Spring has Sprung

Today is the first day of spring in the Northern hemisphere. In 2021, spring marked a sharp change in the weather in Brooklyn, New York. I recall that it was 30/40-something degrees on March 19 and over 60 on March 20. This year, the spring-like weather started a few days in advance of spring. In fact, today is slightly cooler than it had been the past few days.

My main project, The New Leaf Journal, prides itself on being attuned to the seasons. I noted this on one of my early articles, referring to our special Emu Café section:

Light flits through the windows such that, while indoors, the particular sensibilities of the days and seasons permeate the establishment. The traits of the seasons are most crisp in the refreshing mornings.

Welcome to The Emu Café

I have posted content to welcome spring in each of the past few years. My spring content focused on finding interesting springtime materials from around the web. Below, I will provide some excerpts from my two introduction to spring articles and some other noteworthy spring finds I presented at The New Leaf Journal. Gopher and gemini readers should note that all links are https.

2021 Spring Content Reader

Last year, I collected a number of springtime pieces for a general reader article. I began the long post with the definition of "spring" from Webster's 1913:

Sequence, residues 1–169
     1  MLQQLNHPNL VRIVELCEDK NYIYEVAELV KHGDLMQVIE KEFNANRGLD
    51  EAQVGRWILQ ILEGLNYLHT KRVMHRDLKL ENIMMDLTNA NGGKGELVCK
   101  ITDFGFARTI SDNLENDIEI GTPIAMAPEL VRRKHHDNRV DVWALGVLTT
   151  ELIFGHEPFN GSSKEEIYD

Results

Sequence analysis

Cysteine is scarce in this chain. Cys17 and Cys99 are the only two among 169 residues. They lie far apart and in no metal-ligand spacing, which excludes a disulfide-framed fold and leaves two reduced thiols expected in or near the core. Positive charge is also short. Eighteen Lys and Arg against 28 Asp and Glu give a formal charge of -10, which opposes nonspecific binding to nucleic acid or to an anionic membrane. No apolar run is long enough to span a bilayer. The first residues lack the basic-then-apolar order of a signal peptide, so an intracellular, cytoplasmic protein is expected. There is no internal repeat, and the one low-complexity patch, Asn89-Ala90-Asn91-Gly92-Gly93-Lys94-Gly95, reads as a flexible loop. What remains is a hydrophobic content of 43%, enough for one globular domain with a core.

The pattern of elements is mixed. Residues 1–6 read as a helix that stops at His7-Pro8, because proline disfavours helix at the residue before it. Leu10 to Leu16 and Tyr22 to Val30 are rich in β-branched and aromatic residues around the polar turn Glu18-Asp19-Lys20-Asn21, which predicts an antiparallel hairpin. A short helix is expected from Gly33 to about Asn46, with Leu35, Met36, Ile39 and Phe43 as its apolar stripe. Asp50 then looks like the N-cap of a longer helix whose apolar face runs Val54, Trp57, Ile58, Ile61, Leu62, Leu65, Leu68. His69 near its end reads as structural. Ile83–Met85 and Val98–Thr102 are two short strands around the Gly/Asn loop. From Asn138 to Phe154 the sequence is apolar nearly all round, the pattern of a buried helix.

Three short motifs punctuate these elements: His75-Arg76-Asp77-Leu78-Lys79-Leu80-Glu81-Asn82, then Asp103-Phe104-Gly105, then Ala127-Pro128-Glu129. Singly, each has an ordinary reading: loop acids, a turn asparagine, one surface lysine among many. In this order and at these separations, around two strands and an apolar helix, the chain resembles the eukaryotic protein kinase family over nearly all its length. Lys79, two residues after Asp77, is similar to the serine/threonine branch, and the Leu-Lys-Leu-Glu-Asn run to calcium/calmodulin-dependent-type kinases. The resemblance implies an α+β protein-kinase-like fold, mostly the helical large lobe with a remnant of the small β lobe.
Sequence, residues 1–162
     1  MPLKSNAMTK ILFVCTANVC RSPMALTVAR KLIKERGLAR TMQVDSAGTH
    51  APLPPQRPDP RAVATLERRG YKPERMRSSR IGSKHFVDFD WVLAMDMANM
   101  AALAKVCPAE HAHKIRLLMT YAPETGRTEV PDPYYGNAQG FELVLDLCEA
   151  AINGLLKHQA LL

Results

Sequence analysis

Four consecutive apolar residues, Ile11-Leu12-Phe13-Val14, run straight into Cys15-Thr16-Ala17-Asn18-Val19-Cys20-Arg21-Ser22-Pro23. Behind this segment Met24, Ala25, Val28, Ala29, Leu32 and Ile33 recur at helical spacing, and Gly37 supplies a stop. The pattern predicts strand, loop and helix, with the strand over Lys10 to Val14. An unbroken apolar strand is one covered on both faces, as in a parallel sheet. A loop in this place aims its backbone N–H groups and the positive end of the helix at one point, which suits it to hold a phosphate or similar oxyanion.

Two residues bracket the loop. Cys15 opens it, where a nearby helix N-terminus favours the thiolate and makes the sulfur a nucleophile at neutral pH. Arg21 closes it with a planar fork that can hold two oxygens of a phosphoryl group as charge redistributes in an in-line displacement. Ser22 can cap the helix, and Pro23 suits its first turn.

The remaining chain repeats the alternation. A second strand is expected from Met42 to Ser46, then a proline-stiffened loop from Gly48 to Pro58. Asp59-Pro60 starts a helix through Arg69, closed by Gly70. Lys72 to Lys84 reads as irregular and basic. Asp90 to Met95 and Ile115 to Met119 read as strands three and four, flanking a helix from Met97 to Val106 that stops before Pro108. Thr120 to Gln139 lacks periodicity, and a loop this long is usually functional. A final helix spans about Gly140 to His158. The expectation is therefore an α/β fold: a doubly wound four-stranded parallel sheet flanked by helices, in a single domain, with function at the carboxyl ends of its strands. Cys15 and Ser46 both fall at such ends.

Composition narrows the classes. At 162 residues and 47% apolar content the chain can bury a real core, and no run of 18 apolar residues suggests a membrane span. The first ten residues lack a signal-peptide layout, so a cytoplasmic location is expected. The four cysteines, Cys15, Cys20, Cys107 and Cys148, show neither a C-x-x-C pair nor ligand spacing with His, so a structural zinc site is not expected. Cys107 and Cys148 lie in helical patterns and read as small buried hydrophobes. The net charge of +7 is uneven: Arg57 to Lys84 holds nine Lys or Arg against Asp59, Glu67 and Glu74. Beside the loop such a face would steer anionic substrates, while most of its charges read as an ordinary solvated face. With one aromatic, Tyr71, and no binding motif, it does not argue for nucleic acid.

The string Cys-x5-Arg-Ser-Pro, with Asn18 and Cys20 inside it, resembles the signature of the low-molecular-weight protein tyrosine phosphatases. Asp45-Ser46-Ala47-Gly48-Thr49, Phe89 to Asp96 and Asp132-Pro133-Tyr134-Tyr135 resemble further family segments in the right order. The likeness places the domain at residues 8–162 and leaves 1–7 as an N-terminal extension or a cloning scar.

"The season of spring; springtide."

Springtide is, of course, a slightly unusual word meaning "springtime."

The Plum Tree Blossoms Always in the Spring

This year, I covered material relating to plum trees in Japanese art and poetry. The oddly worded titled for the article comes from a 9th century poem by Sugawara no Michizane:

"Forget not to blossom always when the springtime comes."

The Blind Girl and the Spring

My personal favorite spring-centric article re-printed a 19th century poem by Syndey Grey titled "The Blind Girl and the Spring." It is told from the perspective of a young girl who had lost her eyesight, but found that this hardship brought with it many gifts that allowed her to appreciate the change of season in a unique way.

The Brown Leaf in the Spring

The last post I will cover here (note the list is not exhaustive) focused on a photo I took in 2019 of a brown leaf floating in a clear stream in the Brooklyn Botanical Garden's rock garden. Although the photo looks autumnal at first glance, I took it in May. At the time I published the article, I did not think about the fact that a photo of a brown leaf floating in the water in the spring is a fitting photo for the transition from winter to spring. The only caveat is that it was closer to summer than winter when I took the photo.


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